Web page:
300s (decade)

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Millennium: 1st millennium
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The 300s decade ran from January 1, 300, to December 31, 309.

Events

300

By place

Roman Empire
Asia
Africa
America

By topic

Arts and sciences
Religion

301

By place

Roman Empire
Armenia
Europe
Asia

302

By place

Roman Empire
Date Event
Emperor Diocletian begins passing laws against Christians and a policy of religious oppression in Antioch.
Persia
Date Event
Narseh, Shahanshah of the Sassanid Empire, dies after a 9-year reign. He is succeeded by his son Hormizd II.

By topic

Arts and sciences
Date Event
Iamblichus of Chalcis writes a treatise on magic and the occult.
Religion
Date Event
Gregory the Illuminator is consecrated as Patriarch of Armenia by Leontius of Caesarea.

303

By place

Roman Empire
Armenia
Asia
America

By topic

Religion

304

By place

Roman Empire
China

305

By place

Roman Empire
Asia
  • The Daysan River floods Edessa.

By topic

Commerce
  • Landowners dominate the Roman Empire and enjoy the title of senator, which exempts them from the crushing taxes imposed on the rest of the population. The Senate has lost all its power and the landowners almost never attend Senate sessions. Members of municipal senates (curiales or decuriones) are charged with the responsibility of collecting taxes and paying arrears; smaller landowners are held responsible for providing recruits for the Roman army and with keeping wastelands under cultivation.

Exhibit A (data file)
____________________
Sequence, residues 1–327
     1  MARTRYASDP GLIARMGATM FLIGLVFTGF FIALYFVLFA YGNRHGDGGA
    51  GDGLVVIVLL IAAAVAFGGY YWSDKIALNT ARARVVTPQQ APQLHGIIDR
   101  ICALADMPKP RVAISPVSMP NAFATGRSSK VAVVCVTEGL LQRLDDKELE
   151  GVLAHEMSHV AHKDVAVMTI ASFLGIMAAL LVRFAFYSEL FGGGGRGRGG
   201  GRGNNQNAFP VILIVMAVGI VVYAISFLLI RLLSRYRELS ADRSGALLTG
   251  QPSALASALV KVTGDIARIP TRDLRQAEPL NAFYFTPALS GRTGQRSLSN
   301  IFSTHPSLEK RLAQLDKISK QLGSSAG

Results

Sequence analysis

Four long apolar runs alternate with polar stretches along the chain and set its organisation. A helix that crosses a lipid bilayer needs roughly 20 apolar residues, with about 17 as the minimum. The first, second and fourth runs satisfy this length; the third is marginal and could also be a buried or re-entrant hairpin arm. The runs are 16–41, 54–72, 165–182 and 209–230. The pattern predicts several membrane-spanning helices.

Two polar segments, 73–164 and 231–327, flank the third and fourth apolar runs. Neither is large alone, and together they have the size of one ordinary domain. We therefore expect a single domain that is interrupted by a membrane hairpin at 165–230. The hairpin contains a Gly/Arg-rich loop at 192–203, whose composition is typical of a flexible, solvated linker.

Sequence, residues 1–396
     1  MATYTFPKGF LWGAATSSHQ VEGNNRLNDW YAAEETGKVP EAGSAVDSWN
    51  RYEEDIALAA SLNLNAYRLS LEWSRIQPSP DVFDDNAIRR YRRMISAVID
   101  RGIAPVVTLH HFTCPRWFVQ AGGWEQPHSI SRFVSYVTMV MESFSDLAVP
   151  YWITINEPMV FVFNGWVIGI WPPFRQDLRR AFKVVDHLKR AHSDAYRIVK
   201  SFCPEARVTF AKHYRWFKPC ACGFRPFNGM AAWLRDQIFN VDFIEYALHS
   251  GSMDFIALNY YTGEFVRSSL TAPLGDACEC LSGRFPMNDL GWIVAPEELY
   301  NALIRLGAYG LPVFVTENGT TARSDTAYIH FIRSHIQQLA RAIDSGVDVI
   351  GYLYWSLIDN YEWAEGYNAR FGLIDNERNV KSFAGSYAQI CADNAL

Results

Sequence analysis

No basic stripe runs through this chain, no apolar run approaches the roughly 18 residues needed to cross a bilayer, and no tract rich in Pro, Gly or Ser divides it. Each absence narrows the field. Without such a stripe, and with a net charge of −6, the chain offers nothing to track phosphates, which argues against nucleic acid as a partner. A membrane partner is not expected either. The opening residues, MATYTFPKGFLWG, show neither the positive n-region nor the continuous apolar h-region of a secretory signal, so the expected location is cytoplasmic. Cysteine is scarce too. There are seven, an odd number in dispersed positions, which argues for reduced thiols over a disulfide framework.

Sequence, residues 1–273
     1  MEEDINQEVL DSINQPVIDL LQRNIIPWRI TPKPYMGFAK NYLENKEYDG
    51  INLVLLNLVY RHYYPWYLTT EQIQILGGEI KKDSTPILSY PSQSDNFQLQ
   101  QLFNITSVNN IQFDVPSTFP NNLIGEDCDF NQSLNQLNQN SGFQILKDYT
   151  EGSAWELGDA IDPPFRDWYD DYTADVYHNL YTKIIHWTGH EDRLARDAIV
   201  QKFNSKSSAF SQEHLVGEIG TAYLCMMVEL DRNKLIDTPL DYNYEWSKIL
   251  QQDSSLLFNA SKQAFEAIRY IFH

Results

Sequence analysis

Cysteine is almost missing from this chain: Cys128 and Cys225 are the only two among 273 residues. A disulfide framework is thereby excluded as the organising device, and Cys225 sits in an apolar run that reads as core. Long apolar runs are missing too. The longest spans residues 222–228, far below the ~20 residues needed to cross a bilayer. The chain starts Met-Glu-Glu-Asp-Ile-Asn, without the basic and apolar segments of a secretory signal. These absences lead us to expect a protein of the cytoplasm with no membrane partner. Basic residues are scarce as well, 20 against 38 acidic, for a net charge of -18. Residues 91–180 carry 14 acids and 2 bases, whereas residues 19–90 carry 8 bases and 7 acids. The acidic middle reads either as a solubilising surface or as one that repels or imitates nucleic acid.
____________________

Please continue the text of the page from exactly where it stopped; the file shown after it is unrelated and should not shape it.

Religion

306

By place

Roman Empire
Asia

By topic

Religion

307

By place

Roman Empire
China

308

By place

Roman Empire
Asia

By topic

Religion

309

By place

Roman Empire
Persia
North America

By topic

Religion

East Asia

In Yamato (Japan), the Kofun period dominated during this decade. It was an animistic culture which existed prior the introduction of Buddhism. A legend of the 4th century Prince Yamato Takeru alludes to the borders of the Yamato and battlegrounds in the area. A frontier was obviously somewhere close to the later Izumo province (the eastern part of today's Shimane prefecture). Another frontier, in Kyūshū, was apparently somewhere north of today's Kumamoto prefecture. The legend specifically states that there was an eastern land in Honshū "whose people disobeyed the imperial court", against whom Yamato Takeru was sent to fight. That rivalling country may have been located rather close to the Yamato nucleus area itself, or relatively far away. The today Kai province is mentioned as one of the locations where prince Yamato Takeru sojourned in his said military expedition.

Northern frontier of this age was also explained in Kojiki as the legend of Shido Shogun's (四道将軍: Shoguns to four ways) expedition. Out of four shoguns, Ōbiko set northward to Koshi and his son Take Nunakawawake set to eastern states. The father moved east from northern Koshi while the son moved north on his way, and they finally met at Aizu (current western Fukushima). Although the legend itself is not likely to be a historical fact, Aizu is rather close to southern Tōhoku, where the north end of keyhole kofun culture as of late 4th century is located.

Significant people

Births

Deaths

References

  1. ^ C.W. Dugmore, The Journal of Ecclesiastical History (Cambridge University Press) p.268.
  2. ^ CNEWA.org
  3. ^ A. Dzh. (Arman Dzhonovich) Kirakosian, The Armenian Massacres, 1894–1896: 1894–1896 : U.S. media testimony, p.131.
  4. ^ OrientalOrthodox.org
  5. ^ Johann Christian Wilhelm Augusti, Georg Friedrich Heinrich Rheinwald, Carl Christian Friedrich Siegel, The Antiquities of the Christian Church p.466.
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